Toyota Gives Up on Hydrogen Cars…For Now
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For those who hate the idea of a silent driving future, hydrogen cars are a beacon of hope. No brand embraced the potential of hydrogen-powered cars quite like Toyota. But now, it seems the brand behind the futuristic Mirai hydrogen car is letting go of its alternative in favor of battery electric power.
The Toyota Mirai is Toyota’s most successful failure
The Toyota Mirai is Toyota’s only hydrogen vehicle available to the public. It began selling in 2015, where it sold 72 models. From there, the Mirai generally trended upward, selling between 1,500 and 1,800 models from 2017 to 2019. After a big sales dip in 2020, GoodCarBadCar data shows the Mirai came roaring back with 2,629 sales in 2021, another 2,000 in 2022, and over 2,660 so far in 2023.
Importantly, the Mirai is only available for sale in California and New Jersey. That’s because hydrogen charging stations are only available in those states. Overall then, the Mirai is a fairly successful concept to show off Toyota’s hydrogen capability. However, the brand could never translate the Mirai’s function into infrastructure investments. That meant the Mirai remained market-limited to just two U.S. states.
Toyota Mirai Sales Year-By-Year
Toyota exec says hydrogen cars are “not successful”
While the technology works and the Mirai is, in large part, a useful vehicle, Toyota execs at the Tokyo Mobility Show expressed regrets that the Mirai never went mainstream. In speaking to Andrew English from The Intercooler, Toyota’s Chief Technical Officer, Hiroka Nakajima, said, “‘We have already tried with the Mirai, but unfortunately it has not been successful because of the hydrogen filling station point of view, there are few.”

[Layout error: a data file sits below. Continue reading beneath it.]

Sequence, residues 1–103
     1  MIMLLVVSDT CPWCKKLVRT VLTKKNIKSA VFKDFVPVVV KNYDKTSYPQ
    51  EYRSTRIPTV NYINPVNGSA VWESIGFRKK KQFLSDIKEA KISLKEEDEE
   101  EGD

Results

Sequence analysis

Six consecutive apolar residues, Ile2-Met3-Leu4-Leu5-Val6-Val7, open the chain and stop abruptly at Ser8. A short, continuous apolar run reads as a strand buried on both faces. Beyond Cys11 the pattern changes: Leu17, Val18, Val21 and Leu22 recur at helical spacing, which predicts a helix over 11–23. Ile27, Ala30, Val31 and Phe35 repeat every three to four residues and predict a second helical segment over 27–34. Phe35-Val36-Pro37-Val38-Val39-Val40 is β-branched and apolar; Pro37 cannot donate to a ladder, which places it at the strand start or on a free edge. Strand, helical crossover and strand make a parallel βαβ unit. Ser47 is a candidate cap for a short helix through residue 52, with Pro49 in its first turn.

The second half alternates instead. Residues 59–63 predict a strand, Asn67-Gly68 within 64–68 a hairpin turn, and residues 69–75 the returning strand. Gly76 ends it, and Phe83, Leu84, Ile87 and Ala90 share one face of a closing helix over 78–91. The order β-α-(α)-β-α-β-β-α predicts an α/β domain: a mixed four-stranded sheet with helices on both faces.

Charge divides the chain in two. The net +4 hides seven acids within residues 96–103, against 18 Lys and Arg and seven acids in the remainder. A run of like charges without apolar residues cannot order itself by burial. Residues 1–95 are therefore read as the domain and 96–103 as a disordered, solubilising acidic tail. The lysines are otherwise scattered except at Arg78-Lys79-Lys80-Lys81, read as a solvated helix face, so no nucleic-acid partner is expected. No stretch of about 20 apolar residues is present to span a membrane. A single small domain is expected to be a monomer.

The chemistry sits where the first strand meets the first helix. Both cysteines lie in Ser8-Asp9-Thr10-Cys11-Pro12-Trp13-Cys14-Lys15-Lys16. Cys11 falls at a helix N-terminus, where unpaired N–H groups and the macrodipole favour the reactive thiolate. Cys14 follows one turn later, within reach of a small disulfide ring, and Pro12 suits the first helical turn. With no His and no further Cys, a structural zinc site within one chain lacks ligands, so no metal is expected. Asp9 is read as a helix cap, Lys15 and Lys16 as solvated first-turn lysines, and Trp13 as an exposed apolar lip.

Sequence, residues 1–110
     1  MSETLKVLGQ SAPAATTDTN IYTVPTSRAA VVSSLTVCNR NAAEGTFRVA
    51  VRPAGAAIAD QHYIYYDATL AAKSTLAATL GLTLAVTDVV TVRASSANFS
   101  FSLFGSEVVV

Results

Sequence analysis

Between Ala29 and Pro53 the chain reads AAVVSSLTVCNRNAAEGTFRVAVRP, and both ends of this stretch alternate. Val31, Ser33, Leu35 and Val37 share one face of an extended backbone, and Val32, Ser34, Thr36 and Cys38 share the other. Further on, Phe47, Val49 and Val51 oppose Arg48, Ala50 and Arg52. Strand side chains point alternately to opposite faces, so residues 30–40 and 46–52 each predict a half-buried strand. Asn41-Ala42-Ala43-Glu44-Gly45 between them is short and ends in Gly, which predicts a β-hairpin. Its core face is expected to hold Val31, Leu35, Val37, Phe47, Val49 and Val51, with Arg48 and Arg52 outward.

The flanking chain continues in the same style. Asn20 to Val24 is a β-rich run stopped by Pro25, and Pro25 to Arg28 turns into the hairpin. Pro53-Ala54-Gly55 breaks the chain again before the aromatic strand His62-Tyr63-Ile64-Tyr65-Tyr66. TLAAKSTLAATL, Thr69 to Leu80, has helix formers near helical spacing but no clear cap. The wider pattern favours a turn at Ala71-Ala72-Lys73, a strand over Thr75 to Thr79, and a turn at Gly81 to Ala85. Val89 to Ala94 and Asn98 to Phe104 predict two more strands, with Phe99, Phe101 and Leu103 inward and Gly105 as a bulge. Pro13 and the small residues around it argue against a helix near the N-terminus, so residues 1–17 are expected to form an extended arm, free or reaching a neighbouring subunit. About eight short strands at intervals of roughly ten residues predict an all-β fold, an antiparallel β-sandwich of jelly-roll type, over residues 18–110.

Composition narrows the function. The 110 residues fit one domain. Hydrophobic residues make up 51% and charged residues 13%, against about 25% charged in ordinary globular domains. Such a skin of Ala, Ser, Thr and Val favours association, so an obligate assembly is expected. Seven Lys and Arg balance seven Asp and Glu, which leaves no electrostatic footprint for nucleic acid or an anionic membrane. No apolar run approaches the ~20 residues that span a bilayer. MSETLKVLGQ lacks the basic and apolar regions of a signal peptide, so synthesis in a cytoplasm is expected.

However, he intimated that Toyota would continue developing hydrogen vehicle technology for commercial vehicles. In part, Nakajima stated, “So we have changed our strategy from passenger cars to commercials.”
Hydrogen cars have a bigger infrastructure problem than EVs
All of the pushback regarding battery electric vehicles involves range and recharging stations. But hydrogen cars face a similar, albeit much larger issue. Despite Japan’s mandate for a hydrogen car future, it couldn’t build enough hydrogen filling stations to make individual Hydrogen vehicle ownership a functional reality.
That lack of infrastructure has Toyota turning the page on its hydrogen tech. Now, the battery-free EV tech is aimed at commercial trucks, buses, trains, and boats rather than consumer cars. For Toyota’s consumer vehicles, the company is looking at accelerating the development of traditional battery EVs instead.
Toyota will continue developing hydrogen tech via racing
All of this isn’t to say that Toyota is giving up on hydrogen cars forever. In addition to its commercial pursuits, Toyota’s Gazoo Racing division continues working with both hydrogen and e-fuels. Overall, the brand’s goal of a CO2-emissions-free future remains, but it’s taking a more pragmatic approach to how it deploys hydrogen tech until the science and infrastructure catch up. For now, though, it seems like our driving future involves batteries.